The current most likely adopted management approach for patients with residual activity/disease on day +30 post-CAR T is observation. This is based on the ZUMA-1 trial findings that showed a 20% to 30% conversion rate of PR/SD to CR without additional therapies,1 which coincides with the spontaneous conversion rate (33%) seen in our cohort. Thus, the ZUMA-1 trial concluded that it would be reasonable to monitor PR/SD patients to allow for an opportunity for an improved response, since consolidation with allogenic stem cell transplantation comes with a high rate of treatment-related death and would ablate CAR T cells.1 Yet, this recommendation ignores the fact that 70% to 80% of PR/SD patients will likely progress and that cRT can be an effective and minimally toxic consolidative treatment option, as we have shown in this study. This is further supported by Kuhnl et al. who showed that patients with a DS of 4-5 on day +30 have a high risk of relapse and shorter duration of response which calls for risk-adaptive treatment approaches for these patients to prevent/delay progression.7
The utility of cRT can be further supported by understanding the pattern of relapse of NHL following CAR T. Previous studies have shown >85% of post-CAR T relapses involve a local component.10,11 Such pattern of local relapse is more evident in those who achieve a PR/SD to CAR T, as 100% of the relapses in our observed cohort involved the sites with RA that were originally present prior to CAR T. The local relapse component has also been significantly present but to a lesser extent (40-60%) in the frontline setting as evident by multiple seminal studies that established the standard of care for NHL.27-30 This might suggest an increase in localized chemorefractory disease in the r/r setting following multiple lines of therapies, where persistent gross disease, not ablated by initial therapies, may be less responsive to new systemic treatments and more likely to relapse. This calls for local therapies to augment local control in the r/r setting, and intriguingly, none of the radiated FDG-avid sites in our cohort relapsed.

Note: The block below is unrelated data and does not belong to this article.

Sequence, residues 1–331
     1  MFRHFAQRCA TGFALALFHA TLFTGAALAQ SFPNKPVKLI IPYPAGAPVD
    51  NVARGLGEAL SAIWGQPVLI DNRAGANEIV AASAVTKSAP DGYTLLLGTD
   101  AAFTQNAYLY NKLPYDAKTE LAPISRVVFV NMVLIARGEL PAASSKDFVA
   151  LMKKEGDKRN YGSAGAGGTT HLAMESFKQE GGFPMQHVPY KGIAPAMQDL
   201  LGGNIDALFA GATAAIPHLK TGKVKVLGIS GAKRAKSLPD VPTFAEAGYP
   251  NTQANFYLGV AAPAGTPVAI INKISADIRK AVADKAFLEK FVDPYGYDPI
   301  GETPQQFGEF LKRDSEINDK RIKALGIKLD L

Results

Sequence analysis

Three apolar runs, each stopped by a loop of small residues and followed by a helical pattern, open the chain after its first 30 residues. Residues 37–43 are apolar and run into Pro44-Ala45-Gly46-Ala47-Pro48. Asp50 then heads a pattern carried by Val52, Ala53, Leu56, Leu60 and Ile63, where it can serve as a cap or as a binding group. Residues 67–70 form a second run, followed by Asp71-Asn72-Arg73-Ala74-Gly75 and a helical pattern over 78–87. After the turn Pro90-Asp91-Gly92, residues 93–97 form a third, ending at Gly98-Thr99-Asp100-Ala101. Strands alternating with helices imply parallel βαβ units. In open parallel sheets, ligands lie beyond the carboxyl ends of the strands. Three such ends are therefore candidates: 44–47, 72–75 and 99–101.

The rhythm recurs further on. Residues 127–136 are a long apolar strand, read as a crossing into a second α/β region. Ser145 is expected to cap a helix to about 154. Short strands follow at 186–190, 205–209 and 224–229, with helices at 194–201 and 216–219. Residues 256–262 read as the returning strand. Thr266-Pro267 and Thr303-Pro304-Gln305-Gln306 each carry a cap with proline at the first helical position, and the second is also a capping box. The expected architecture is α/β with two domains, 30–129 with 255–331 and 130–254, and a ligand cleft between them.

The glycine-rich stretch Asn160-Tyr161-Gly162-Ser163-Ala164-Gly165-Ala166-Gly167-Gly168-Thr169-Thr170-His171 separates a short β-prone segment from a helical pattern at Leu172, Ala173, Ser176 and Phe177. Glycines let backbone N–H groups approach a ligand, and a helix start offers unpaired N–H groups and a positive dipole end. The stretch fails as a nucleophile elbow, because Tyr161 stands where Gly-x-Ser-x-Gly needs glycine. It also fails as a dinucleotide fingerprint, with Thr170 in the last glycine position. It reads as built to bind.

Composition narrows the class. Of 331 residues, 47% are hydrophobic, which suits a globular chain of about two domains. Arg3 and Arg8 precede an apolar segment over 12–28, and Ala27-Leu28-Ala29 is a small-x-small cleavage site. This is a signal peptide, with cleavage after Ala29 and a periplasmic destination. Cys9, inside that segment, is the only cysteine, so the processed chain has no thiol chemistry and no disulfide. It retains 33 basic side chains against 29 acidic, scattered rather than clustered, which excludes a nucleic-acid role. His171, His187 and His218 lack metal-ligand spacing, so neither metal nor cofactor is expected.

The role of local therapy becomes more noticeable and valuable as we move forward in understanding and defining oligometastatic lymphoma. This can be inferred from the improved outcomes seen with stereotactic body radiotherapy (SBRT) when offered as a consolidative local therapy for oligometastatic solid malignancies.31,32 Our study included only patients with ≤4 residual FDG-avid sites based on a previous publication,18 and not based on any evidence-base for the utility/benefit of RT. That study suggested comprehensive RT to be feasible for ≤4 lymphoma disease sites with improvement in survival metrics18, and thus formed the basis to our inclusion criteria. From an oligometastatic standpoint, the impact of cRT in our cohort was mostly evident in patients with ≤2 residual FDG-avid sites, especially in those with only one site on day +30 post-CAR T (Table 3). While acknowledging the limited number of patients with >2 FDG-avid sites (n=10) in our study, the tumor burden, and the decreased feasibility of comprehensive cRT with increasing number of FDG-avid sites, one might consider adding consolidative systemic therapy to cRT for patients who have multiple sites of RA on day +30 post-CAR T. Furthermore, it is important to acknowledge that patients with one residual FDG-avid site have less tumor burden and will fall under the comprehensive cRT subcohort by default if they receive cRT. This may limit comparisons between focal and comprehensive cRT subgroups if tumor burden is not accounted for. Moreover, it was noted in our study (Table 3) that cRT was more likely to be offered to patients with >1 RA site, as the perception for 1 RA site is perhaps to resolve spontaneously. Intriguingly, 51.5% of patients with 1 RA site who were observed relapsed. All relapses had a local component and involved the same RA site identified on day +30, rationalizing the use of local therapy, such as RT, that showed to be effective for these patients in our study.